Nina Hackel, who owns a kitchen and bathroom remodeling company called Dream Kitchens, told the committee that her business could be set to grow 30-40% from last year, but that she won’t be able to do it because “we don’t have enough artisans. . “

“It is a crying shame,” she said. “The trades are screaming. We need to stop selecting our children to enter business school on criteria that primarily help them in college. We must make our trade schools work on the creation of trades. We really need to make that available to the 8,000, maybe 10,000 kids who would like to come in. “

“Our economy is being ruined because we don’t have enough professional places to meet our needs,” Hackel added.

Education advocates have also lobbied the state to take action to update admissions policies at dozens of vocational and technical schools in Massachusetts, in some cases calling for a more aggressive response than the regulations implemented by the Baker administration.

A bill from Senator John Cronin of Lunenburg would require all vocational schools to select incoming classes using a lottery, replacing the current system in which students can be admitted based on their grades, attendance, discipline, guidance from guidance counselors, and sometimes interviews – all of which create disproportionate barriers for communities of color.

“We currently have a system of vocational schools that selectively enroll more privileged students, thereby contributing to the state’s large and persistent disparities in race, income, language and disability in student achievement and high school drop-out and drop-out rates, ”said Dan French, president of Citizens for Public Schools and member of the Vocational Education Justice Coalition.

A DESE analysis released in February found that Massachusetts had about 1.75 full student applications for vocational education for every available program seat. Students of color, those from economically disadvantaged backgrounds, English language learners and students with disabilities “received fewer offers of admission” compared to their peers, according to the analysis.

Last month, the State Council for Primary and Secondary Education approved new regulations for the 2022-2023 school year, removing the requirement that grades, attendance, disciplinary records and recommendations of counselors should be used as technical and professional admission criteria.

The regulations authorized Commissioner Jeff Riley to intervene in the event of non-compliance. Riley said he plans to “be very energetic” and may choose to require schools to use a lottery system.

Speaking in favor of the Cronin bill, French said he believes lawmakers should go even further and impose a raffle of students to be admitted when nominations exceed available seats.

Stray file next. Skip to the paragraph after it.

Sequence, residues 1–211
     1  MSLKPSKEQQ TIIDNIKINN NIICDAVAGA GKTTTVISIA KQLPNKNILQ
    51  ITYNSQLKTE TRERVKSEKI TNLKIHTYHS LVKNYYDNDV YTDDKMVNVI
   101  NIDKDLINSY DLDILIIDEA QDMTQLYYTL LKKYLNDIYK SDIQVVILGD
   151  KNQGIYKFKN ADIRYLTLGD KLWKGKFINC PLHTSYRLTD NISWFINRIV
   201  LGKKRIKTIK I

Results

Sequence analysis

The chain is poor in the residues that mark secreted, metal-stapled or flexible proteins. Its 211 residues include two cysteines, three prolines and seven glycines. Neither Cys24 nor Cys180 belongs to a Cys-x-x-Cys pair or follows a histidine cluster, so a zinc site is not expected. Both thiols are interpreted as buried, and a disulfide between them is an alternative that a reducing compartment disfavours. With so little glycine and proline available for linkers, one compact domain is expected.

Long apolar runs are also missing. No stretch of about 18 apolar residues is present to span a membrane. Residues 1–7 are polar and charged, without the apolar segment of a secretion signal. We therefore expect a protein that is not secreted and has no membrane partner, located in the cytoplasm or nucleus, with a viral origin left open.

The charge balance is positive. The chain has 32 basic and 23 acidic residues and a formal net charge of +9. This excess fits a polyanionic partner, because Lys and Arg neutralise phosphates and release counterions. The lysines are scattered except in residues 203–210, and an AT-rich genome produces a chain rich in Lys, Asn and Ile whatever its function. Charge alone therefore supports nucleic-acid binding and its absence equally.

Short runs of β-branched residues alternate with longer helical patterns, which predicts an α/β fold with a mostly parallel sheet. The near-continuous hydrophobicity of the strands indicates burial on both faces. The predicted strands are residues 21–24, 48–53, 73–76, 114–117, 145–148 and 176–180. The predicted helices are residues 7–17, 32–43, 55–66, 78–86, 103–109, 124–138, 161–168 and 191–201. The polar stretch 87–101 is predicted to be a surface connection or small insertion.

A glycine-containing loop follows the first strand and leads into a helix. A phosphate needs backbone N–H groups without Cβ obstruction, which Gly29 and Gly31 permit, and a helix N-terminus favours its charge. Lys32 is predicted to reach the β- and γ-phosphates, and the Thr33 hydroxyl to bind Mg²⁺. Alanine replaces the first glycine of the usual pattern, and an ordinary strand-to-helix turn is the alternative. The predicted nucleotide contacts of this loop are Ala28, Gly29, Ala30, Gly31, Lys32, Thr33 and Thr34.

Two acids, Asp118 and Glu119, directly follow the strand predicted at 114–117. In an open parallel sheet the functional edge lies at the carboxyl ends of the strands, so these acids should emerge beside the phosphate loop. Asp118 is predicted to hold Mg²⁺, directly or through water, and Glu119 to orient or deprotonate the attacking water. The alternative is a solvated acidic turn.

“The regulations give vocational schools the responsibility for interpreting this standard and still allow them to include grades, discipline, attendance, recommendations and interviews with certain restrictions,” he said.


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Lawmaker urged to inject billions of dollars into vocational schools

BOSTON – As businesses warn of worker shortages and thousands of potential students stranded on waiting lists, lawmakers and lawyers urged the legislature this week to pump billions of dollars into Massachusetts vocational and technical schools and reform their admissions policies.

A steady stream of speakers called during an education committee hearing for radical state action to strengthen the state’s capacity to educate adolescents and adults in high-demand occupations and address the inequalities that prevent some students from accessing life-changing training programs.

An omnibus bill that has received significant support combines $ 3 billion in guarantees to renovate, expand and construct vocational and technical school buildings with a series of policy changes aimed at accelerating public investment in the field.

“There just isn’t enough capacity in our system to meet the demand for vocational technical education from students, parents and employers,” said Steve Sharek, executive director of the Massachusetts Association of Vocational Administrators. “We don’t have enough regional voc-techs, and the ones we have are often too small and too old. Even some of the newer, more recently renovated ones were not built to meet the capacity of their areas.

Representative Frank Moran, who co-tabled the House version of the bill, said the strengthened capital infrastructure would help achieve more equitable access to vocational education, especially for students of color.

“This funding will go a long way in ensuring that communities like Lawrence and other Gateway Cities are able to provide leading professional learning opportunities for a student who wishes to pursue a career in the trades,” said Moran. , himself a graduate of the Grand Lawrence. Technical school, told colleagues.

In addition to authorizing $ 3 billion in bonds through the Massachusetts School Building Authority for investment in voc technology, the sweeping bill would create a Vocational Technical Education Funding Commission for investigate long-term issues of how to pay for expanded skills-based training programs. in Massachusetts and would establish an office of technical vocational education within the Department of Elementary and Secondary Education.